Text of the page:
Some Inefficacy is Efficient
The Efficient Teacher
By Rafi M. Ali, M.D.
Director of DarusSalam Seminary’s Tadrīs Integrated High School Program
As teaching is not simply a mundane transfer of facts, a teacher must strive to create an amiable rapport with students so that the process of education is facilitated. Sustained student attention is difficult to achieve otherwise. To establish this working relationship, an instructor must dedicate a considerable amount of time and energy in the classroom to benign small talk. A student that is able to sense the humanity of the teacher is more likely to pay attention.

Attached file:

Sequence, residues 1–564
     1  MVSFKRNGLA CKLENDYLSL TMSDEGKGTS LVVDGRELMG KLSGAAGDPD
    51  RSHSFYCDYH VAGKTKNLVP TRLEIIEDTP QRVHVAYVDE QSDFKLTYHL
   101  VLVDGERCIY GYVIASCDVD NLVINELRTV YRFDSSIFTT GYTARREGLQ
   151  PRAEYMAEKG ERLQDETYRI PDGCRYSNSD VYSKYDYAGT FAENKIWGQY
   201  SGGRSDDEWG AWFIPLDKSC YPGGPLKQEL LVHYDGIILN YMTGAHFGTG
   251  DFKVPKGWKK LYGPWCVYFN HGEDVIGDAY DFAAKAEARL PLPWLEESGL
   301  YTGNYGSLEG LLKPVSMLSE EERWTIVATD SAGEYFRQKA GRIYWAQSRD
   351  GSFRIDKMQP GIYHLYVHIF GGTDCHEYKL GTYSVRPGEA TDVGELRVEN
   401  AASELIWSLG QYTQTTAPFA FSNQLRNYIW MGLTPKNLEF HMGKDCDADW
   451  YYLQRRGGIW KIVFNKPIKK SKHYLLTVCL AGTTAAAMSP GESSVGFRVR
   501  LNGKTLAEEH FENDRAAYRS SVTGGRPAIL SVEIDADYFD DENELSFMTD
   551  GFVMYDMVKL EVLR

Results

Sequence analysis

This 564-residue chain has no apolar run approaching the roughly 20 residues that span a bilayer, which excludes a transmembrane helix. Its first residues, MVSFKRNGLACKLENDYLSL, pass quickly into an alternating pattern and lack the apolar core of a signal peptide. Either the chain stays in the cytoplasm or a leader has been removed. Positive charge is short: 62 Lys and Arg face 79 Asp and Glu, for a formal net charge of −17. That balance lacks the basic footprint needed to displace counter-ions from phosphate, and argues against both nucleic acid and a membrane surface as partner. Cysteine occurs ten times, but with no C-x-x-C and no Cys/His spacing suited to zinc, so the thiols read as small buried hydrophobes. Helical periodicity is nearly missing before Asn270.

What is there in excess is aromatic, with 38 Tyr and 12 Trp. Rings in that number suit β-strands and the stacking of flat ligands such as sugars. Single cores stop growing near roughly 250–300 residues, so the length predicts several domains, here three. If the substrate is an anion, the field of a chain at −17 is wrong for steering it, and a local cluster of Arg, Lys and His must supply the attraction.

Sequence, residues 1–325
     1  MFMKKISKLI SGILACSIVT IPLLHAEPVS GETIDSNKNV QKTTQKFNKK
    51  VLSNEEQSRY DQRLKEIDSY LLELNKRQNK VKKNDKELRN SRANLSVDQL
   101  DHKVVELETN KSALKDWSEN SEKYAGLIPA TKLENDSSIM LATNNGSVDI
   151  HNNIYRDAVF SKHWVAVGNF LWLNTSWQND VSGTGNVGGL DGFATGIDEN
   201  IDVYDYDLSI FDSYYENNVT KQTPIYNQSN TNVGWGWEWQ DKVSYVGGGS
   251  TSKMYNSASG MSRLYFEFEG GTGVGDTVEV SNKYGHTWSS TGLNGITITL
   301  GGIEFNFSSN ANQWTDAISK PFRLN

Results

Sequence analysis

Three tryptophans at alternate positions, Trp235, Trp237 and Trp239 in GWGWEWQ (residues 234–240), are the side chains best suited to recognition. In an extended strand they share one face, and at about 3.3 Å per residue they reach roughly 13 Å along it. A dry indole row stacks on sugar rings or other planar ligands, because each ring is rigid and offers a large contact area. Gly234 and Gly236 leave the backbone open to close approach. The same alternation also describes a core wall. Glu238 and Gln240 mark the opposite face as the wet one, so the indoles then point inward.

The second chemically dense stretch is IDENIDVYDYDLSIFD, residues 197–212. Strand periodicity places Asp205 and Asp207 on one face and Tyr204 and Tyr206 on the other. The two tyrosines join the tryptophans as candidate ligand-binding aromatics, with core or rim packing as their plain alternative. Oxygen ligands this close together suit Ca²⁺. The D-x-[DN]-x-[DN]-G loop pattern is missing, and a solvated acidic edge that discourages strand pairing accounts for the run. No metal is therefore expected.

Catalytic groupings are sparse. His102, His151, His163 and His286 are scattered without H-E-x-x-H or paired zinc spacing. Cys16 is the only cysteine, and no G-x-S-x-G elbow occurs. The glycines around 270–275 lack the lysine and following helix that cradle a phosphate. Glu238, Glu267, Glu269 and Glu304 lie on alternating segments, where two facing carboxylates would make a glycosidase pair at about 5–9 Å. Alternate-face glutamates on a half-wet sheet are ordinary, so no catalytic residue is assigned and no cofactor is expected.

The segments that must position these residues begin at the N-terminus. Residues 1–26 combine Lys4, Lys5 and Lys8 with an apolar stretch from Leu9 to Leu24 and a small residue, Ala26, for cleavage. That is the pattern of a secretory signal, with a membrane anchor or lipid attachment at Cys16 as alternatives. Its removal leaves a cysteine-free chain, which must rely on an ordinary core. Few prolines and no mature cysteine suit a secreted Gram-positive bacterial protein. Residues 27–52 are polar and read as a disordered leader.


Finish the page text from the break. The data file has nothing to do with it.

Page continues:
To suggest small talk is not to suggest contrived disingenuous soliloquies, but rather to endorse the importance of engaging the student in a genuine conversation so that we may understand them. It is also not to suggest a degeneration of the classroom into a reprehensible comedic show, a model often forced upon the teacher in our times, or worse, jettisoning of decorum and nobility that is the hallmark of the best teachers. Instead, I am suggesting that it is important to engage the student in a conversation. Sharing stories creates bonds. It is, in a sense, an exercise in a teacher’s paternal instinct.